cartography Cartography (; from Greek χάρτης ''chartēs'', "papyrus, sheet of paper, map"; and γράφειν ''graphein'', "write") is the study and practice of making and using maps. Combining science Science (from the Latin word ''scienti ...
, the Lambert cylindrical equal-area projection, or Lambert cylindrical projection, is a cylindrical equal-area projection. This projection is undistorted along the equator, which is its Standard parallel (map projections), standard parallel, but distortion increases rapidly towards the poles. Like any cylindrical projection, it stretches parallels increasingly away from the equator. The poles accrue infinite distortion, becoming lines instead of points.


The projection was invented by the Swiss people, Swiss mathematician Johann Heinrich Lambert and described in his 1772 treatise, ''Beiträge zum Gebrauche der Mathematik und deren Anwendung'', part III, section 6: ''Anmerkungen und Zusätze zur Entwerfung der Land- und Himmelscharten'', translated as, ''Notes and Comments on the Composition of Terrestrial and Celestial Maps''. Lambert's projection is the basis for the cylindrical equal-area projection family. Lambert chose the equator as the parallel of no distortion. By multiplying the projection's height by some factor and dividing the width by the same factor, the regions of no distortion can be moved to any desired pair of parallels north and south of the equator. These variations, particularly the Gall–Peters projection, are more commonly encountered in maps than Lambert’s original projection due to their lower distortion overall.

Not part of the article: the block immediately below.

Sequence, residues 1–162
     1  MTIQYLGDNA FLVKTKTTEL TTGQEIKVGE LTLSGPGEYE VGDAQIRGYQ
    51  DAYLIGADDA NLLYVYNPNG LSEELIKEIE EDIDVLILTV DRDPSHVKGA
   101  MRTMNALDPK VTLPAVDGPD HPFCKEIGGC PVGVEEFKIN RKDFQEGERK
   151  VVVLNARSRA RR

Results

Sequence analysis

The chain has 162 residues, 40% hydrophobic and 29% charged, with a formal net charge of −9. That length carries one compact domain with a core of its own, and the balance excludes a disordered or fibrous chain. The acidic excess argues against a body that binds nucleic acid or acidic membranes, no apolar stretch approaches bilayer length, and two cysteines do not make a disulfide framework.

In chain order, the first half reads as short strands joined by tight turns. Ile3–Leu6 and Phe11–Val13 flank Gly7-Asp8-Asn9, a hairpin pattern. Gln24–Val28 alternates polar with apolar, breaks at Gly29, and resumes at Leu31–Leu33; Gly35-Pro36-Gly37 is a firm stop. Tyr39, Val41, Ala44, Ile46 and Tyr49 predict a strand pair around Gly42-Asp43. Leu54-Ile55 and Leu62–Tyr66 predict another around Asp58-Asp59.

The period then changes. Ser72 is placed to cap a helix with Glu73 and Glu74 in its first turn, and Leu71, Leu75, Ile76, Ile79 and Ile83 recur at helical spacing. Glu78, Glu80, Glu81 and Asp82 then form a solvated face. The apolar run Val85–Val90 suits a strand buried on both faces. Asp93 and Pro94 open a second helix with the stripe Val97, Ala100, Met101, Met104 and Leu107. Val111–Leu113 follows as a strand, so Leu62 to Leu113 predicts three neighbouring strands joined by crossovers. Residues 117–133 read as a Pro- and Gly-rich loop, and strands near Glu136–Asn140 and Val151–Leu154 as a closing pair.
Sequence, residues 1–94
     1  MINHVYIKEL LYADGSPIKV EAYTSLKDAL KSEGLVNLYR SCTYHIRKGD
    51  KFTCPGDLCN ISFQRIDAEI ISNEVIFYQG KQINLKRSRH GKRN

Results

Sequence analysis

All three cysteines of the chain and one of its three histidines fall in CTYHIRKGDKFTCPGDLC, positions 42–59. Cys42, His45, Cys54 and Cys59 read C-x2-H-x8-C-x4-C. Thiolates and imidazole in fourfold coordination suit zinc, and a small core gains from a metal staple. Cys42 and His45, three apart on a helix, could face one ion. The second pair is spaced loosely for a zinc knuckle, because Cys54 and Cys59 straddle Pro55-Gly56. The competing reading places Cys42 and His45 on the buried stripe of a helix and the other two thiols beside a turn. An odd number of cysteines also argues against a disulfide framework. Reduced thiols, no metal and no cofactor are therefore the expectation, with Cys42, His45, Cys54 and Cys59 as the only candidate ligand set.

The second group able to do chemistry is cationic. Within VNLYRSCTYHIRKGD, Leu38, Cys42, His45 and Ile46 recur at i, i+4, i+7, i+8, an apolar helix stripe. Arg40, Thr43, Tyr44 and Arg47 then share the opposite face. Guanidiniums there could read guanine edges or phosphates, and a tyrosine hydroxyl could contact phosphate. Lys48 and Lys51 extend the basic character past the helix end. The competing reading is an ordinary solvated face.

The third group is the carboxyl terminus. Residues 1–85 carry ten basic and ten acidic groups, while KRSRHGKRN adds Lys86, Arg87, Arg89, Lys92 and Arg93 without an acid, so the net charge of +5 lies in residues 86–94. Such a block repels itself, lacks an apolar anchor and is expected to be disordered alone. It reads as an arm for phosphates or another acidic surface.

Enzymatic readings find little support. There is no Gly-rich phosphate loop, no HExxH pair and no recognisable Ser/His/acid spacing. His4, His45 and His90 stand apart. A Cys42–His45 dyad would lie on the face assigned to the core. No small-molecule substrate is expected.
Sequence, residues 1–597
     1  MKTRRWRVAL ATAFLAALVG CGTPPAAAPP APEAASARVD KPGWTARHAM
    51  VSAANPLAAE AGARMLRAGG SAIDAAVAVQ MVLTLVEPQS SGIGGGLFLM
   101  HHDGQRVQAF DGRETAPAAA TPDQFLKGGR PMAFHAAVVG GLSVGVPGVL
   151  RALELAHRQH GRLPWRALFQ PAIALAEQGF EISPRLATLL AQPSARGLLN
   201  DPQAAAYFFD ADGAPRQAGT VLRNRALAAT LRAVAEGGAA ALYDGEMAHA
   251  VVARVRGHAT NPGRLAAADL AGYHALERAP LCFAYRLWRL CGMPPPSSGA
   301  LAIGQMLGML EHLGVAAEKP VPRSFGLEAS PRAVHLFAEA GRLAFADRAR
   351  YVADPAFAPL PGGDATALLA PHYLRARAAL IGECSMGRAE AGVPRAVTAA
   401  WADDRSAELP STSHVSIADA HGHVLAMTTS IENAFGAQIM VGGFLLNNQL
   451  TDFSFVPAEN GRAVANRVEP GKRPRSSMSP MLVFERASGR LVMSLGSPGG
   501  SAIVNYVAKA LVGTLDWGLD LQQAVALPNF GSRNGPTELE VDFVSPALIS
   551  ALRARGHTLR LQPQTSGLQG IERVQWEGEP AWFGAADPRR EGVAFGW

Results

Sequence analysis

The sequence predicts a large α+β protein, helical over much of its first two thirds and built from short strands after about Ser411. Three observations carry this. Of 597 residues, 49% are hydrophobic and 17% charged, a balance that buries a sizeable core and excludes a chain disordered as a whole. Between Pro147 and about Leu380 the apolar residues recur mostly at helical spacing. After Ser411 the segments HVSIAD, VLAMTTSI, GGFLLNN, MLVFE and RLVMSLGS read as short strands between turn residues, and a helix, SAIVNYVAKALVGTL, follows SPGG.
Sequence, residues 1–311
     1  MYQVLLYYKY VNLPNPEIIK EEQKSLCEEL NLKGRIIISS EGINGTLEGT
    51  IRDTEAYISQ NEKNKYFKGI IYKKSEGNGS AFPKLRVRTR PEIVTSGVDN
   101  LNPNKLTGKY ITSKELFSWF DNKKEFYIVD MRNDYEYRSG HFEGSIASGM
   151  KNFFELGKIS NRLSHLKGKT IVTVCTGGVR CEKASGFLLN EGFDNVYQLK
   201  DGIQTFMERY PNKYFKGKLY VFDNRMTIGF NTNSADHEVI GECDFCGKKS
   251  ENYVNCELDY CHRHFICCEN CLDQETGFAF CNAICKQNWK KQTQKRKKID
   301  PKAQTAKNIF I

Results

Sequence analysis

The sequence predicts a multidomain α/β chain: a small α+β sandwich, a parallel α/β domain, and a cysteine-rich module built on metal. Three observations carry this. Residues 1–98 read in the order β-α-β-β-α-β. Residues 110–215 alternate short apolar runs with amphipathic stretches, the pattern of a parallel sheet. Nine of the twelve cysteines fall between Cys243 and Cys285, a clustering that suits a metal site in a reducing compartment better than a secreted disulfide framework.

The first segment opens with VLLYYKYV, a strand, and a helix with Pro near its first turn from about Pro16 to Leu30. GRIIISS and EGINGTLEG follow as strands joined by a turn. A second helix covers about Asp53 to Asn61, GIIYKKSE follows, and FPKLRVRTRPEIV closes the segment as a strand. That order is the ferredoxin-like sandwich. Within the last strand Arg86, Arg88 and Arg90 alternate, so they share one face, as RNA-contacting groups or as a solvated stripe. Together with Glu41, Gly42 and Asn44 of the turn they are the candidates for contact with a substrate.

:\begin x &= \lambda - \lambda_0\\ y &= \sin \varphi \end where ''φ'' is the latitude, ''λ'' is the longitude and ''λ'' is the central meridian.

See also

*List of map projections *Lambert azimuthal equal-area projection *Lambert conformal conic projection


External links

Table of examples and properties of all common projections
from radicalcartography.net {{DEFAULTSORT:Lambert Cylindrical Equal-Area Projection Map projections Equal-area projections